MissJekyll has already done a great job with her session report. I won't go through the game description to save time.
I am a high school engineering/technology teacher and while I teach with games and teach students about crafting PnP, I also run a lunch time game group with about 4-7 students. These students are new to the board game scene. I've been slowly introducing them to the classics one at a time each session (Power Grid, Dominion, Carcassonne, Ticket to Ride). I have now decided they're ready to try something more challenging. At the same time, obtained from designer, Philip duBarry, a set of his files for Spirits of the Rice Paddy.
PnP Game Construction:
There's a lot to print in this game. Which in turn will make a lot to get in the final release of the published game. Setup cards, Rain cards, Two decks of event cards for drafting, a set of cards for solo play, a reference/play mat, individual player mats for each of the up to 4 players, cubes for people (I hope they use Meeple), cubes for livestock, weeds, fertilizer, and pests. Tokens for water, magic water, rocks, and planted/grown fields. Sticks for walls and for gates. Oh, and something to count up points/currency which is in the form of Rice (we used poker chips). All in all, it took me a while to gather all the materials.
I ended up designing and 3D printing tokens for the water and magic water to look like that illustrated in the rules. Glad I did. They worked great for stacking and passing around and were easy to distinguish with the rest of the components. I think next week, I'll do the same for rocks instead of using black wooden discs. Bring out the realism.
We had a lower turn out of three students, which with me in the mix made our table of 4. Since we play during lunch (25 effective minutes), we spent one day with setup and rules overview and one round. We had a few questions about component distribution after we drew our setup cards. Philip was quick to reply to all of our questions via Twitter.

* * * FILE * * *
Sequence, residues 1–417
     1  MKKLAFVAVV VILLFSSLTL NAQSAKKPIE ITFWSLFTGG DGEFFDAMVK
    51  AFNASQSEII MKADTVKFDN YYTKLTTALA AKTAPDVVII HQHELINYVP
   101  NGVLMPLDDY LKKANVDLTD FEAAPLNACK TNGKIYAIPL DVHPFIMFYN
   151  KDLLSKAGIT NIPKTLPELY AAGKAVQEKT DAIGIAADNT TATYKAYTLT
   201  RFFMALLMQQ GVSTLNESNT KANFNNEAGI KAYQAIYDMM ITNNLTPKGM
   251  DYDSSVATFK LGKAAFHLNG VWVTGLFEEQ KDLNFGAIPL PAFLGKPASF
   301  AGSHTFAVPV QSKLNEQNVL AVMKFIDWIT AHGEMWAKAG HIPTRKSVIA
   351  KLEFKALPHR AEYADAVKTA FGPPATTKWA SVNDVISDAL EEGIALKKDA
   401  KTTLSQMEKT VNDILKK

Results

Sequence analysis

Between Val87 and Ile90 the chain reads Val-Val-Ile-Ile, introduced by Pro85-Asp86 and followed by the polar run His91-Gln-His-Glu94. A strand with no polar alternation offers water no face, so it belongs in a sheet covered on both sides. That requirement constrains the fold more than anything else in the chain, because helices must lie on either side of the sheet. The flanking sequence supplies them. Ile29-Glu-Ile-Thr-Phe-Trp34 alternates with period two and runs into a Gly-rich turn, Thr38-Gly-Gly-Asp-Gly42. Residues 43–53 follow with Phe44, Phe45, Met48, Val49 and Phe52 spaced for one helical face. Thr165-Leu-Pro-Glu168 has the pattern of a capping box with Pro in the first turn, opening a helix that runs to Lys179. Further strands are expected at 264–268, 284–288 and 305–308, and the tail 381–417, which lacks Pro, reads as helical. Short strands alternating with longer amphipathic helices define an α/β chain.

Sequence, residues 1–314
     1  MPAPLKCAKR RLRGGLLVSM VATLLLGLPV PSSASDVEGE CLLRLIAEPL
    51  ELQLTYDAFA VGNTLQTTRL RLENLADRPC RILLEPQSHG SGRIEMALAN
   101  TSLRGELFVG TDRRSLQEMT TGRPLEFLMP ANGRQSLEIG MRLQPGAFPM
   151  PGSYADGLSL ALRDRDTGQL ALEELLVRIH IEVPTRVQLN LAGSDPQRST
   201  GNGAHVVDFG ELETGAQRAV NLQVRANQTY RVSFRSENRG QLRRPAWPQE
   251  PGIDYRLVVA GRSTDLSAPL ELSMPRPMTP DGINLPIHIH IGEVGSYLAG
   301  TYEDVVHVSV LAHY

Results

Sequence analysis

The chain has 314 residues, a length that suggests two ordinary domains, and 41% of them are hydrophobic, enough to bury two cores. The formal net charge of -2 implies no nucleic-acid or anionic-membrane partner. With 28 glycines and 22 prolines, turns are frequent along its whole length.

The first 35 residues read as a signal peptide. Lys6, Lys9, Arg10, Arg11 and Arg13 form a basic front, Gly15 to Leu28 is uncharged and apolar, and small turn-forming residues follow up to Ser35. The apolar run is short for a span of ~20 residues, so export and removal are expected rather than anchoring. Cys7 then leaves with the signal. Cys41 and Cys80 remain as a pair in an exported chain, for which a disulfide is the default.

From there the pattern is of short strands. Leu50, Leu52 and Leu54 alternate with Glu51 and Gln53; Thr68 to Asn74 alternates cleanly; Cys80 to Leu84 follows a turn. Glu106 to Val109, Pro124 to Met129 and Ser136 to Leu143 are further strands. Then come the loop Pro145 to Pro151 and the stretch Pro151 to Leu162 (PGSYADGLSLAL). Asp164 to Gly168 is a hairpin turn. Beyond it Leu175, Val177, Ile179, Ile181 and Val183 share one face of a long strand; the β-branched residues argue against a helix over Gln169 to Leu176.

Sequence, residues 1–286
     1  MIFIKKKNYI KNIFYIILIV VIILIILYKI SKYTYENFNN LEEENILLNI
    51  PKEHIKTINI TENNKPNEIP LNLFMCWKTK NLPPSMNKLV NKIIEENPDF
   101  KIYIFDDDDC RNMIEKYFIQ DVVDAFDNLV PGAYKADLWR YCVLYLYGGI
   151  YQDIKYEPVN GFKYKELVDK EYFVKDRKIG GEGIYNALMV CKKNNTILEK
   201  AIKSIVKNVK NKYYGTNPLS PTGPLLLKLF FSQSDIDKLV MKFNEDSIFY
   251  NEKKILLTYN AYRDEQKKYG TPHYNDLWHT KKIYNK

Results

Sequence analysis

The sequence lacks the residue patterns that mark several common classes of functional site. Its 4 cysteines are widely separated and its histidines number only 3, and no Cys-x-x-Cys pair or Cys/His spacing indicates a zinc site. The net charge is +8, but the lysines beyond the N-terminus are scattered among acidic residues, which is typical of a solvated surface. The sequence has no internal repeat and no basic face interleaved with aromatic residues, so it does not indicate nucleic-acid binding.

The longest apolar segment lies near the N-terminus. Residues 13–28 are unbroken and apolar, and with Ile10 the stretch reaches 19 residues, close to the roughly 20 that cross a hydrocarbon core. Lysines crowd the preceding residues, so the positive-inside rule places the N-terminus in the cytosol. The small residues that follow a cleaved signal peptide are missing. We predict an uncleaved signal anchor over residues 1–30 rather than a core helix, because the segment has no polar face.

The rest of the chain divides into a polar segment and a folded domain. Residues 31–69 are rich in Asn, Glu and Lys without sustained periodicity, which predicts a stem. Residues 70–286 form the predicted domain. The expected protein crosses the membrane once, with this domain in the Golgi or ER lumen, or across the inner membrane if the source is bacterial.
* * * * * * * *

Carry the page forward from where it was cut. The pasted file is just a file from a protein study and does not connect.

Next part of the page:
The next day we started over and finished up half the rounds and then finished up the game on day three. All in all, about 90 minutes of playtime. Since this was our first time through, we played the recommended beginner game which limits rounds from 1-7 to 1-3 & 7 and also eliminates the achievements. After the rule clarifications and our own learning curve, the rounds went much faster. I could see a full game easily taking 90 minutes.
Game Play & Outcomes:
Feels a little like Puerto Rico. Manage workers, build fields, grow crops. However, the added benefit of the drafted Spirit Cards brings a nice player interaction component. Plus, there is the rainfall effect. I haven't played a game with anything like this yet. The rain card tells you how much rain will fall, you try to drain your fields to do your work anticipating how much rain will ultimately make it your way in player order (determined by the numbers on the Spirit cards). Excess rain from player 1 goes into the reservoir for player 2, etc until the last player puts any excess into the 'sea' or bank of water tiles. Very clever.
I think the rainfall amounts might need some reductions. We never ran out of water. One of our players did get a Spirit Card that gave them two Magic Water tiles which gave them two permanent waters throughout the game. That might have been why.
We ended up changing our round 3 to be round 6 in anticipation of jumping to the final round so everyone would have a change to grow their fields. I might recommend this addition to the rules. It increased our total rice and made it more competitive. Final count: I ended up in close second with 37 rice, First was taken with 39 rice, Third had 26 rice and last came in with 17 rice. A fair distribution of points in my opinion. Everyone felt 'in the game' and had a fair shot at winning.
One student asked to borrow it for the weekend to play with her family. A good sign of a fun game! However, knowing I'd be meeting with my regular gamers this weekend, I took it home myself. We'll play the full game and I'll post an update soon. I only wish I had taken some photos!
Thanks to Philip duBarry for a very creative worker placement/resource management game. I look forward to seeing what APE Games does with the final version.
Thanks for the report. Glad you guys are enjoying it!